Tortuguero Gone Wrong

Wet Season 2007

Traveling with a backpack, a Lonely Planet guide, and the hopes of city transportation with no concern of timeframe or itinerary was my idea of an adventure. I was traveling with one companion, and our trip had begun. While in Costa Rica we decided to venture to the Caribbean coast to the home of many rare species of sea turtles and birds. Tortuguero was in the northeastern portion of the country and received the greatest amount of rainfall annually. We traveled in the wet season to avoid overcrowding and high seasonal rates.

Our adventure began with a four-hour bus ride to Cairo, where we got off one bus and onto another older bus better described as an antique. Another 3 hours on this bumpy hot ride through flooding that challenged our buses ability to stay grounded and we were to the safety of our docks. This is where it got interesting.

Ticos (the local term for a Costa Rican) use the term “dock” very loosely. First off, there was no wood or cement structure to which to tie a vessel. Instead there were trees along a shoreline and small six to seven foot boats were tied up to a tree keeping them “secured.” The locals explained that the location of these “docks” could be hundreds of feet away depending on the amount of rainfall they had recently had. The international travelers and locals alike disembarked from our antique bus and climbed onboard to our trusty dingy with our confident captain that proclaimed that we could indeed all fit into his boat without sinking. I couldn’t help but notice that there were only a few life vests on the boat, but after all, we were in Costa Rica, “Relax”, I told myself. It took about 30 seconds after we pushed off from our tree to encounter our first major problem.

It seemed that steering wheel was not working. Somehow the connection between the one outboard motor that drove us and the steering column had disconnected. Meanwhile, the front of the boat was drifting into a section of barbed wire (why there was barbed wire in the middle of nowhere in swamp lands I have yet to figure out). Our captain’s trusty deck hand was out on the bow of the boat and noticed the wire just in time to jump over the section and grab hold of a sand bar. Once temporarily secured to the bar I looked over my left shoulder where we had almost drifted. Only to see a raging chocolate river charging the opposite direction of travel, churning with vehemence. “Ok,” I said to myself, “Now it’s time to worry.” I have white water experience and know that if we would have drifted into this raging river at the angle we were going we would have been flipped like a burger at McDonalds. The captain apparently noticed this too, because he went through the small boat and rolled open the plastic windows (which were previously blocking the rain, and would have also blocked our emergency exit in the event it rolled).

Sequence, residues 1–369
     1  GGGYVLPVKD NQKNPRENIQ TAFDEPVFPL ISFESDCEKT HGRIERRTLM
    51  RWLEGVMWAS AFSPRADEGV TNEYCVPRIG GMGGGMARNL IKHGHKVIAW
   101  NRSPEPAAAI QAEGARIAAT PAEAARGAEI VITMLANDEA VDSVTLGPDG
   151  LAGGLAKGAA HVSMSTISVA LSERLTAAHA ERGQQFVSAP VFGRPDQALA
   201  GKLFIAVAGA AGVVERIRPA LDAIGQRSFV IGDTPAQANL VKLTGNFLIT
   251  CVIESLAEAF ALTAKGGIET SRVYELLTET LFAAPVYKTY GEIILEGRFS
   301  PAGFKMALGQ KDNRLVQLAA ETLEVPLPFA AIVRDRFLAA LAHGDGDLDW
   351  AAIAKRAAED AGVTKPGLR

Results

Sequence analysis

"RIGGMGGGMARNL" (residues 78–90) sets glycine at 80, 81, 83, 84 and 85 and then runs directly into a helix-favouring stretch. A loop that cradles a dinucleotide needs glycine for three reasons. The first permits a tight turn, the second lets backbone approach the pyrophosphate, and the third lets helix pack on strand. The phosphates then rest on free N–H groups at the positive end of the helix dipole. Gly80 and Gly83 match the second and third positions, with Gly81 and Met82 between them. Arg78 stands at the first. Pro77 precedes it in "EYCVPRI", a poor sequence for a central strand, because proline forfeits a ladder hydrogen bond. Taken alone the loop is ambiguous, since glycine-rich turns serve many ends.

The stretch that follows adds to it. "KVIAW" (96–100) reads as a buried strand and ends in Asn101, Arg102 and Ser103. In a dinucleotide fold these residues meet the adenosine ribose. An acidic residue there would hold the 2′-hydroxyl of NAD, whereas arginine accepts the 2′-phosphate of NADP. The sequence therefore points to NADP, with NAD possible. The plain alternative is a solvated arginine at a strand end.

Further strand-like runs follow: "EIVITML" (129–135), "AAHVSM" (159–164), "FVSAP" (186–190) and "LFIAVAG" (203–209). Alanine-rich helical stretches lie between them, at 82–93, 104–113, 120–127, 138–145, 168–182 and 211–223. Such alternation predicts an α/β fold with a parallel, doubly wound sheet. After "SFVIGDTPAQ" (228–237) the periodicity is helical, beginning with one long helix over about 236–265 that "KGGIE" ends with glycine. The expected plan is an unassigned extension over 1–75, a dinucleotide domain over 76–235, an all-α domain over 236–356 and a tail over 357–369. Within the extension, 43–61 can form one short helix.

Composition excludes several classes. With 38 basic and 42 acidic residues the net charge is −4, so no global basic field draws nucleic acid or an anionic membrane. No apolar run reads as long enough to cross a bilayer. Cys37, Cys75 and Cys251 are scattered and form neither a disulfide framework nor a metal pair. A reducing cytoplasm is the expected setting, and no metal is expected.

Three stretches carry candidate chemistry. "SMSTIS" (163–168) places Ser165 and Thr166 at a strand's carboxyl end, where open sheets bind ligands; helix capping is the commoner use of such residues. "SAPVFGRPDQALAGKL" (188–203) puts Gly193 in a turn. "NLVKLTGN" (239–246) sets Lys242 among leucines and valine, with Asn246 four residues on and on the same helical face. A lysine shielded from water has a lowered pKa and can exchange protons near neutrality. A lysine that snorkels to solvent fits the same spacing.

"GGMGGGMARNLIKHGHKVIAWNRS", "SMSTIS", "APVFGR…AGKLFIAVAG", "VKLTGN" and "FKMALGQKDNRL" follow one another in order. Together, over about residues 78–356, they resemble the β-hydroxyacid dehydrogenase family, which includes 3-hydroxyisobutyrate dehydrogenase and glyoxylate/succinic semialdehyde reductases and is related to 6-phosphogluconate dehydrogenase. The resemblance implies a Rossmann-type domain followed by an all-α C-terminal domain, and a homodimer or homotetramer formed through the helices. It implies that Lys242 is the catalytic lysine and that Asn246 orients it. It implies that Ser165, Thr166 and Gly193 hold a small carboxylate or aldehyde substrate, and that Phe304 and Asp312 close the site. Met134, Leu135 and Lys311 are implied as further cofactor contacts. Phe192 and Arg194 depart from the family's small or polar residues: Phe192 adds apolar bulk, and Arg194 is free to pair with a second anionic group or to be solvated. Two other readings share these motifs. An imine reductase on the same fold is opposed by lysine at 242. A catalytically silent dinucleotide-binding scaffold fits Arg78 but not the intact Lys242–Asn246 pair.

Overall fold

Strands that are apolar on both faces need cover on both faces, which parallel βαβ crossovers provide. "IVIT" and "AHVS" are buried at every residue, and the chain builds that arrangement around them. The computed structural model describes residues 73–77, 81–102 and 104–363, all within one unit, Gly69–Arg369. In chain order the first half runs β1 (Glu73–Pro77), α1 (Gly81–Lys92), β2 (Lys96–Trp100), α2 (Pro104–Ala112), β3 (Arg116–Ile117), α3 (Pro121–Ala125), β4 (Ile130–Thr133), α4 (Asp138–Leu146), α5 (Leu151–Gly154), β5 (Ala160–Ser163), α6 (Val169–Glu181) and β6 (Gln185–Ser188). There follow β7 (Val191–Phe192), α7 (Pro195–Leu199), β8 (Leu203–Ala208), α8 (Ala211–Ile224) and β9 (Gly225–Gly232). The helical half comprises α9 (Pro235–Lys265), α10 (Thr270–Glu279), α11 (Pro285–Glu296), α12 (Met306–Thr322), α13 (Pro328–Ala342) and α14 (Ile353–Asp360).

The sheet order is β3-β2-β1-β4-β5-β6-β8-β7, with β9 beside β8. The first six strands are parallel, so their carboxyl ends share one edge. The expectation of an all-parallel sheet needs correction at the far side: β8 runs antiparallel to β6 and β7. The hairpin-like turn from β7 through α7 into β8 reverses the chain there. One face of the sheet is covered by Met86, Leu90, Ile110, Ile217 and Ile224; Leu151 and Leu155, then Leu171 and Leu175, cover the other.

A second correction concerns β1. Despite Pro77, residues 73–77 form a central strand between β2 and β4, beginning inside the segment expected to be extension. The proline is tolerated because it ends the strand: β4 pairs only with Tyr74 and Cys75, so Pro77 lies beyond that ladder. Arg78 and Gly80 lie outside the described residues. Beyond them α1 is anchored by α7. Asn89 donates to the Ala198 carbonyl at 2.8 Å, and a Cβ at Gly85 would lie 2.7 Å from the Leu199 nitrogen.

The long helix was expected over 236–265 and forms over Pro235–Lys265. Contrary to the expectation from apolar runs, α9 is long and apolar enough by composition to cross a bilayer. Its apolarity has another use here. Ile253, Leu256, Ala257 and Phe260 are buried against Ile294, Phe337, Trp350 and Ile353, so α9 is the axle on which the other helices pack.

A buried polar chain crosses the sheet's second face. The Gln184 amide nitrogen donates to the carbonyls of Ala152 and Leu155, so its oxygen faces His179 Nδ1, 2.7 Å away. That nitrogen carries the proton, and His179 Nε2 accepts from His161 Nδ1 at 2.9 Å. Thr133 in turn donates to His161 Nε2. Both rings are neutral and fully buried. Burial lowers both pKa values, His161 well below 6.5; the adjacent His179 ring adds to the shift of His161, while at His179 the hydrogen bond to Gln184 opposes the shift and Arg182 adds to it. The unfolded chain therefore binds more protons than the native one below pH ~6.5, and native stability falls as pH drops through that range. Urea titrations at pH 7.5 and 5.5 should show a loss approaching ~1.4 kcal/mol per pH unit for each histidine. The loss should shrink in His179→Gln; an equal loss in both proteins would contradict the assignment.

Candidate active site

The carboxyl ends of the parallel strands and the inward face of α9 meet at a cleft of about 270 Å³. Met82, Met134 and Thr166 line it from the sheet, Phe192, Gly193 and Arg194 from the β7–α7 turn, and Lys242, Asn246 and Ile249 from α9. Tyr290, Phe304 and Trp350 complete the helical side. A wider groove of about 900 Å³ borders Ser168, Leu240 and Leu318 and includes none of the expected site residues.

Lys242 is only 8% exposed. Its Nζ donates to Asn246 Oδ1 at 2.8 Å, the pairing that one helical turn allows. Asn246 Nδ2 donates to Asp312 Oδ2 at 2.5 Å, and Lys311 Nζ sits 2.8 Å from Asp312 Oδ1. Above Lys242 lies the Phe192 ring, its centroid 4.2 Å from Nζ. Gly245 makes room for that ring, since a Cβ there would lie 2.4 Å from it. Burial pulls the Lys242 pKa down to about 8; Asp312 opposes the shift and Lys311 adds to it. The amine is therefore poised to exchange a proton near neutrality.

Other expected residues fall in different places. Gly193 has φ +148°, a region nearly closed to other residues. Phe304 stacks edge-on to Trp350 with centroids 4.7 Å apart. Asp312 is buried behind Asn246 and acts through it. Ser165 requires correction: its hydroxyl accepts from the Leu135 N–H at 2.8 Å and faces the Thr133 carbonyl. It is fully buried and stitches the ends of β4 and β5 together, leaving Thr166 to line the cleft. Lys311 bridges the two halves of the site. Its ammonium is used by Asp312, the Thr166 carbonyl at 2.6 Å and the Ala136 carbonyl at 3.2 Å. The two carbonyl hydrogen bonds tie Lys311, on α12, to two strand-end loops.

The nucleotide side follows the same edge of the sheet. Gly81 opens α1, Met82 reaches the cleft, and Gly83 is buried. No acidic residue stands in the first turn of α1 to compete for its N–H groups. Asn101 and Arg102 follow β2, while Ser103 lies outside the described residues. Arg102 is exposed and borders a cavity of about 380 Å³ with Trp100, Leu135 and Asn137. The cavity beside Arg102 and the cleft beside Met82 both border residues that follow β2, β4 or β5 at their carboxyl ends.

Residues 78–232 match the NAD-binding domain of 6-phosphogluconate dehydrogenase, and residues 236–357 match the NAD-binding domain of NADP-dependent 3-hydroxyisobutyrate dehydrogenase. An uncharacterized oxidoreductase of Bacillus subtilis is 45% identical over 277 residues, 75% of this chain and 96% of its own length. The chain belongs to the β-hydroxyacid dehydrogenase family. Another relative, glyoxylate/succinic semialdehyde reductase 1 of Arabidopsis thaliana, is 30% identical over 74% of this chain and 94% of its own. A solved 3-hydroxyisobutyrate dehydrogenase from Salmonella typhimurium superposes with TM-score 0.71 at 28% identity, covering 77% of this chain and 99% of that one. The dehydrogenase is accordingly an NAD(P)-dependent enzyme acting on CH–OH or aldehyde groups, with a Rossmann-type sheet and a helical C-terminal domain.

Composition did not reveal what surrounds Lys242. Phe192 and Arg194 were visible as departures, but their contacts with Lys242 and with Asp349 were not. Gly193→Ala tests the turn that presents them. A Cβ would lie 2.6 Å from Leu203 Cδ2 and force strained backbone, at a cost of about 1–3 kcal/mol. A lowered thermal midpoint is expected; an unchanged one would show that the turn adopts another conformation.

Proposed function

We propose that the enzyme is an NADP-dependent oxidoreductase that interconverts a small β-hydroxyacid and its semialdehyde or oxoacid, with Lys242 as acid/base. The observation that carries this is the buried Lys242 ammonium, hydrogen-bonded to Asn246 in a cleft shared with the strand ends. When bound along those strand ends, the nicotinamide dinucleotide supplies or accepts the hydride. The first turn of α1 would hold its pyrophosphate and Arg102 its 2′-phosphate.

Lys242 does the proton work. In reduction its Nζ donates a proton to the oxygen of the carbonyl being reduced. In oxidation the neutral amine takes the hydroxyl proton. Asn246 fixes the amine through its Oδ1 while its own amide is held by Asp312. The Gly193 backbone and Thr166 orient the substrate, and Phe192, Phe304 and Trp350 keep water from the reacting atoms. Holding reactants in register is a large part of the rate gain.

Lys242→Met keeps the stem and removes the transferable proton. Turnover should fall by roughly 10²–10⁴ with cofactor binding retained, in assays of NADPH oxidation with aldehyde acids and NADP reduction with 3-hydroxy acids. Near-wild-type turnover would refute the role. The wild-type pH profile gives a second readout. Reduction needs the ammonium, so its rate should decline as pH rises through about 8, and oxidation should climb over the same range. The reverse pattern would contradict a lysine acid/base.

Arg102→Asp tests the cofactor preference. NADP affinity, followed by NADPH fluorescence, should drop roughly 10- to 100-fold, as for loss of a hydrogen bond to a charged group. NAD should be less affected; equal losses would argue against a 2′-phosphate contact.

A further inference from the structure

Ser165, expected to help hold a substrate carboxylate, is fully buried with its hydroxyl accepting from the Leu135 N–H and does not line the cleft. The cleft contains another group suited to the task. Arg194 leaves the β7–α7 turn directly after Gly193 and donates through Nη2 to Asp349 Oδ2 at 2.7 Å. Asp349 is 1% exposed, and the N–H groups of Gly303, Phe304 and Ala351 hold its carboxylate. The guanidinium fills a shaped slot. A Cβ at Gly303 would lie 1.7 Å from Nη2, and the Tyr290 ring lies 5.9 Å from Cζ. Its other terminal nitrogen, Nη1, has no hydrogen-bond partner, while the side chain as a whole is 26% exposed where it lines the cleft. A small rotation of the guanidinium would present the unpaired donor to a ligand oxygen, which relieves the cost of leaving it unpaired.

The captain also proceeded to place the few life jackets he had onto the children on the vessel. So I recapped to myself, even the captain thinks that we are going to flip. He proceeding to talk to the passengers in Spanish, “I was really wishing I had studied more Spanish right about now.” Just when I thought that I could not be more terrified I remembered that there were caiman and alligators in these waters… Then our leader devised a plan. He commanded his deck hand to hold the throttles, freeing him to climb to the back of the small boat and direct the outboard manually pushing it right or left as needed. When he needed more or less speed he simply shouted to his compadre. The moment of truth was when we shoved off of the sand bar and held our breath as we entered the furious water. The captain skillfully commanded the appropriate entry speeds and angles to keep the vessel upright. Thirty minutes of white water and knuckles later we entered a large throughway, allowing the rest of our two and a half hour journey a more cope static ride. One last hurdle was a tree branch that assaulted and broke the blade of our outboard motor. Fortunately, our captain had one spare blade (this, it seemed, was a common occurrence). He tinkered with the motor until the repair had been completed and we arrived safely in Tortuguero.

Tortuguero was more of a village than a town sitting barely above water between the Caribbean Ocean and the river-ways of the Amazon-esc portion of Costa Rica. The small hostels were inviting with a small town neighborly feel. Tortuguero had no banks or ATMs so some planning ahead was necessary. After one night in our cozy new village a stubborn storm set in that seemed as if it had no plans of ending. We spent much of the second night out in the elements with the hopes of seeing the leatherback turtle make it’s journey to shore and lay her eggs as they often did in this region. Unfortunately, the turtles had more sense than we did staying away from the storm that would have met it at shore.

The village flooded, thankfully our room was on cement blocks, however walking anywhere required rolling up your pant legs and tromping through shin to knee high murky waters of god knows what. We overheard the locals say that this was worse than it was a few years back when they evacuated the gringos; that was our cue, it was time to go. We found a resident who had a boat and offered to pay him for a ride down to Limon (a four hour trek down a canal that paralleled the Caribbean) he accepted stating that he needed to leave in 10 minutes. We made a mad dash to our room; meanwhile six other European travelers took cue and joined us for the ride to our next adventure…